Page:Southern Historical Society Papers volume 40.djvu/225

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221
Battle of Fredericksburg.

of the times by putting him in chains, though so enfeebled by age and disease as to make his escape impossible; I heard his cry of pain and indignation when, in the name of national humanity and national honor, he protested against the wicked outrage; I felt the sympathy of his surgeon as he witnessed the crying shame and disgrace, and heard him saying: "that it was a trial more severe than had ever been inflicted in modern times upon one who had enjoyed such eminence." He was but the vicarious sufferer for the people he loved and had so faithfully served.

I have seen him since, an unpardoned rebel, without the privileges of the humblest citizen, in a land he had illustriously served as a statesman and heroically defended as a soldier with his blood. In all this there was no manifestation of weakness, no retraction}} of principle, no surrender of manhood. Eighteen years of disability and isolation have passed. He is now an old man, and stands upon the verge of the grave, and will die as he has lived, a patriot and hero. Grand old man. Grander still in the disabilities and isolation, which environ you in the land you love, twenty millions of hearts to-day invoke upon you and yours heaven's richest blessings, and generations yet unborn will be taught to cherish thy memory.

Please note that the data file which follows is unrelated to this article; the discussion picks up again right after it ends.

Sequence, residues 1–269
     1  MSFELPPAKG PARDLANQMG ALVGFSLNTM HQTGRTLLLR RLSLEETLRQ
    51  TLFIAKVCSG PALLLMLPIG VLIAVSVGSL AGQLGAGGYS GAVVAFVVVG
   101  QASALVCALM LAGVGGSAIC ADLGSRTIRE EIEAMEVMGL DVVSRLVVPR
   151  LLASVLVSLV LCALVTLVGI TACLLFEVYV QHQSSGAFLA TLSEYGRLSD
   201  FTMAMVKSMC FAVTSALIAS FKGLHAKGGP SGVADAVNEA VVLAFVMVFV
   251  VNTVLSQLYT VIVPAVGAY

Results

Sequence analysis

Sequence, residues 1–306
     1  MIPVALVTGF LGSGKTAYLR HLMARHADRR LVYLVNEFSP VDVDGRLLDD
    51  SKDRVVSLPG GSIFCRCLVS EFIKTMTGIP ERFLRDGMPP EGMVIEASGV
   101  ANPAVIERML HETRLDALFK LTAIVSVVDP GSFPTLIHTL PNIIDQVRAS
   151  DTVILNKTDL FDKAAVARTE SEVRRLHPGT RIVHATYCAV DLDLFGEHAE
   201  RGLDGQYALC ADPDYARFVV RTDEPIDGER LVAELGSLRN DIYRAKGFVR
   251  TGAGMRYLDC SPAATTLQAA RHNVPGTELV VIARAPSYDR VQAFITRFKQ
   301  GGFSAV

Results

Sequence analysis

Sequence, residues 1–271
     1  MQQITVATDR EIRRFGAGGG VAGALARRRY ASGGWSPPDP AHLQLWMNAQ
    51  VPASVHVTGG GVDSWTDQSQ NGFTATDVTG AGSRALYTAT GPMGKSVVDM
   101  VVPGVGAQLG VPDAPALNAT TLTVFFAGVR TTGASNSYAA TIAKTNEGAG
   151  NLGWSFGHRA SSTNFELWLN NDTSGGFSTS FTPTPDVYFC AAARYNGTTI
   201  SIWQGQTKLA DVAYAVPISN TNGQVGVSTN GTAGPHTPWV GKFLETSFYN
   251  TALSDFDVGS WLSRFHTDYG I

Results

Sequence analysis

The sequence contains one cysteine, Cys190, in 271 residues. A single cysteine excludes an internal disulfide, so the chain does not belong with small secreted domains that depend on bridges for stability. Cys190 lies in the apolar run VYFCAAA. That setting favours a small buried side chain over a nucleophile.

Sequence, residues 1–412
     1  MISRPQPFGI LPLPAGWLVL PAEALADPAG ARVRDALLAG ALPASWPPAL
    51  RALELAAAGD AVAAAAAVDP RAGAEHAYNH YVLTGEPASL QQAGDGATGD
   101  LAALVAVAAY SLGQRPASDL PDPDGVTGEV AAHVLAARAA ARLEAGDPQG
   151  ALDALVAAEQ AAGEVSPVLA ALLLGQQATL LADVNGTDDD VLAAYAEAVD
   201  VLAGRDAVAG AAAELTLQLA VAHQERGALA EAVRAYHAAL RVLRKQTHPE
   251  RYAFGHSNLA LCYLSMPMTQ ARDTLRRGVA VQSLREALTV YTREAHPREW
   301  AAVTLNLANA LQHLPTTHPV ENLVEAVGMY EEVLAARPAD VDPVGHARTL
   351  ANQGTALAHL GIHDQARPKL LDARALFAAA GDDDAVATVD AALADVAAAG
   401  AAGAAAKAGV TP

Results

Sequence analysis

No, we were overwhelmed by numbers. The contest degenerated into a war of friction and waste. They could lose two to one and yet be greatly superior to us in numbers. The immigrants from the Old World, in countless numbers, were rushed to the front to supply the places made vacant by wounds, desertion and death.

Grant, in his campaign, but continued the policy inaugurated early in the war, of accomplishing, by a wearing out process, what he could not accomplish by skill or prowess. We yielded to overwhelming numbers; we fell commanding the respect of our enemies and the admiration of the balance of mankind. Richmond was the objective point of every movement. For this Fredericksburg, Chancellorsville, and all the battles of the Army of the Potomac were fought. For this Sherman marched through Georgia to the sea, leaving in his wake burning cities,